Building's wood lives on in new homes

Frank Tilley By Frank Tilley

Jan. 13, 2014 at 7 p.m.
Updated Jan. 12, 2014 at 7:13 p.m.

The expression, "if these walls could talk" was never more poignant than the afternoon of Jan. 4 when the remaining gutted structure of a Victorian building quietly crumbled to the ground.

The McCabe Building had stood on a corner, then the northernmost point of Victoria, since 1908.

The McCabe building represents an architectural style from that era, which is slowly fading away.

The building, was purchased in July by neighboring Wholesale Tire Co., of Victoria, which plans to expand its business in that area.

Victoria is home to many Victorian-style homes from a time period from 1861-1900, and many of those Victorian homes have been well preserved.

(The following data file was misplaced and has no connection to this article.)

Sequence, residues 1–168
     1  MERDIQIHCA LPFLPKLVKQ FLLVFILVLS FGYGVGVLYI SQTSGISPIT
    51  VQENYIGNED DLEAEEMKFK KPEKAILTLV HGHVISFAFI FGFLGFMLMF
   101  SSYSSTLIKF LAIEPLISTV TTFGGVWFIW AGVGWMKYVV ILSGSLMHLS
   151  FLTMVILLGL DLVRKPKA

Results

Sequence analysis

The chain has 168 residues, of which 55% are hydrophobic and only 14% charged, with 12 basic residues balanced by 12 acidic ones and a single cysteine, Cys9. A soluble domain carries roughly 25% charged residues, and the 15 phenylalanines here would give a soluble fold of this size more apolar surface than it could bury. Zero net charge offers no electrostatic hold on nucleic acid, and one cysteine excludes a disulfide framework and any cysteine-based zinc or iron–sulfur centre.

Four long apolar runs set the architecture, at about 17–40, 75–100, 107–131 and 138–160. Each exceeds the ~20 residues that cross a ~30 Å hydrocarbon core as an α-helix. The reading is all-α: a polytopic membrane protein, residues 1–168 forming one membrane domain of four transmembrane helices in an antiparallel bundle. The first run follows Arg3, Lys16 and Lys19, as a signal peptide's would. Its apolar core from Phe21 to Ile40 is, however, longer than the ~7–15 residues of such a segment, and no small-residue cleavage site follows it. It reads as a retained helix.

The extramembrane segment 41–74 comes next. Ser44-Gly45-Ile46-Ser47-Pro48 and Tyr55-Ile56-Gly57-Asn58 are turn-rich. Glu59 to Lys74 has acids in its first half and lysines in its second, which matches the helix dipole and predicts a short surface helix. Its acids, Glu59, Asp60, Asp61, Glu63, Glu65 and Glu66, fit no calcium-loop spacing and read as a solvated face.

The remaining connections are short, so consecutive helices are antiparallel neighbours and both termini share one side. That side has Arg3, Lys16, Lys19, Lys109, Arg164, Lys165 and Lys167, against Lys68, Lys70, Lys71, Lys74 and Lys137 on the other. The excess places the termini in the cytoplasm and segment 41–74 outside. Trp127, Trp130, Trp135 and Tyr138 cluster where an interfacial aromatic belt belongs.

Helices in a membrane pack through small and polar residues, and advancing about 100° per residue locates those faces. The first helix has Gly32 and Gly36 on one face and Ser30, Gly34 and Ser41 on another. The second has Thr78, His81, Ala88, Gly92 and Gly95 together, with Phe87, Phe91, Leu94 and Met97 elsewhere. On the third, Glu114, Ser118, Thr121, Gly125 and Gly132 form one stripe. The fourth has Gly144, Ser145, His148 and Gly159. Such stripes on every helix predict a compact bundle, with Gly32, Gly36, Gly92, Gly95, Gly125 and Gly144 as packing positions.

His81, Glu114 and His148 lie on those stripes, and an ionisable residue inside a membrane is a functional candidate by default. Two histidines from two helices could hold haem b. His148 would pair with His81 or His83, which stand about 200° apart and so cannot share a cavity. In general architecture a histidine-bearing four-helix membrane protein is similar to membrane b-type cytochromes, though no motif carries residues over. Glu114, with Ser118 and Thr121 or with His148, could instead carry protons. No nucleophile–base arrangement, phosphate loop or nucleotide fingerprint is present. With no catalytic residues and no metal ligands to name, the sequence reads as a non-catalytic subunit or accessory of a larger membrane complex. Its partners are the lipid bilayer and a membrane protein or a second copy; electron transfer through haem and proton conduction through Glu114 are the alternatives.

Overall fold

But not all homes or buildings have survived the test of time.

The final stages of bringing down the McCabe building took several months as crews from Texana Furniture worked to preserve as much salvageable wood as possible.

Referred to as "old growth wood," the lumber that would be milled for homes built during the 1860s was longleaf pine, which came through the Port of Indianola.

The McCabe building may have perished, but the salvaged wood will find new life in custom homes being built in the Hill Country near Fredricksburg, said David Clifton, owner of Texana Furniture.



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